Before August 5, Urdu was the official language of J&K state, while official transactions and orders were also conducted and issued in English.
On the ground in Jammu and Kashmir (J&K), one of the questions being raised after the Centre’s decision to scrap the state’s special status and bifurcate the state into two Union Territories, is whether Urdu will remain the official language.
Section 47 of the J&K Reorganisation Act empowers the new Legislative Assembly of the Union Territory of J&K to “adopt any one or more of the languages in use in the Union Territory of Jammu and Kashmir or Hindi as the official language or languages to be used for all or any of the official purposes.”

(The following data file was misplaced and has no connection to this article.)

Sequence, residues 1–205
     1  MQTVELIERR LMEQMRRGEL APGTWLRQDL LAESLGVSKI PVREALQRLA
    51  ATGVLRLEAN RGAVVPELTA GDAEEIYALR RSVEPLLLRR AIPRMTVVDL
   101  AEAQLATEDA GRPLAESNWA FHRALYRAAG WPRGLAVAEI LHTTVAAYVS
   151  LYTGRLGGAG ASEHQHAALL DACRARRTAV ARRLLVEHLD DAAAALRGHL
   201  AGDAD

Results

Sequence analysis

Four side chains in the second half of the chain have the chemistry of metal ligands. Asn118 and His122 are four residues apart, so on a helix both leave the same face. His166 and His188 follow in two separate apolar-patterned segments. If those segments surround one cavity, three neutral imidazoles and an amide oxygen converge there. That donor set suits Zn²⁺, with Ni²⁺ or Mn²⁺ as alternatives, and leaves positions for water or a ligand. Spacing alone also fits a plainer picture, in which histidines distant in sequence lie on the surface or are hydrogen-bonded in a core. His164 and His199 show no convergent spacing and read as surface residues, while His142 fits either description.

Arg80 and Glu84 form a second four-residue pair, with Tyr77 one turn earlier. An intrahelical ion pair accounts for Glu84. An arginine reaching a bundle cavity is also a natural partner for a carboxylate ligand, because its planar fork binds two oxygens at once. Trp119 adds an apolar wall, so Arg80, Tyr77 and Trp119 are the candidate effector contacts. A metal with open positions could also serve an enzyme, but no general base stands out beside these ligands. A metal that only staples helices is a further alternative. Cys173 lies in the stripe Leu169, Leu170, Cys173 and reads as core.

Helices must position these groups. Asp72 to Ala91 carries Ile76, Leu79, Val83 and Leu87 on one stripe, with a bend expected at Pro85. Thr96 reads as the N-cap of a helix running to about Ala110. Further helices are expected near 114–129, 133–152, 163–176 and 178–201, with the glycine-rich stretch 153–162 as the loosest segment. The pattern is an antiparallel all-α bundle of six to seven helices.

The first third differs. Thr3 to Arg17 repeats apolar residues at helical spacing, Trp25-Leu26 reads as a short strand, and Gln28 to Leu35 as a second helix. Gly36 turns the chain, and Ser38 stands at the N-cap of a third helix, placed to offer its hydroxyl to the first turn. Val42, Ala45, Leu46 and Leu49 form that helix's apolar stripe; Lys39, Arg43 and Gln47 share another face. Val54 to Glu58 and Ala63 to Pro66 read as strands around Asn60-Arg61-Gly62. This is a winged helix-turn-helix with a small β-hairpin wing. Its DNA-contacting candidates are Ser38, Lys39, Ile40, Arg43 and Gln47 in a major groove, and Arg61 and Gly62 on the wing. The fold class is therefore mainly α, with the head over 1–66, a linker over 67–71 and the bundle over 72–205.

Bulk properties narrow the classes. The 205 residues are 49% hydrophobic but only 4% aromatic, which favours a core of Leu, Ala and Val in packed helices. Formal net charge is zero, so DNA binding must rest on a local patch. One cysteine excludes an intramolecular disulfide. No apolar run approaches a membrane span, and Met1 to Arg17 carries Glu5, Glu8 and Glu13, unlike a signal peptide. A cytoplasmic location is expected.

The business in the Assembly, the law states, shall be transacted in the “official language or languages of the UT of Jammu and Kashmir or in Hindi or in English.” Before August 5, Urdu was the official language of J&K state, while official transactions and orders were also conducted and issued in English.
When contacted, J&K Governor’s advisor Farooq Khan told The Indian Express: “All special provisions have been thrown into the dustbin of history where they always belonged. In the new set-up, everything will be done afresh. A child has taken birth, so it will be nurtured with all the love and care by the Government of India. The Centre’s welfare schemes, which used to be mutilated in the previous set-up, are being pursued with full vigour.”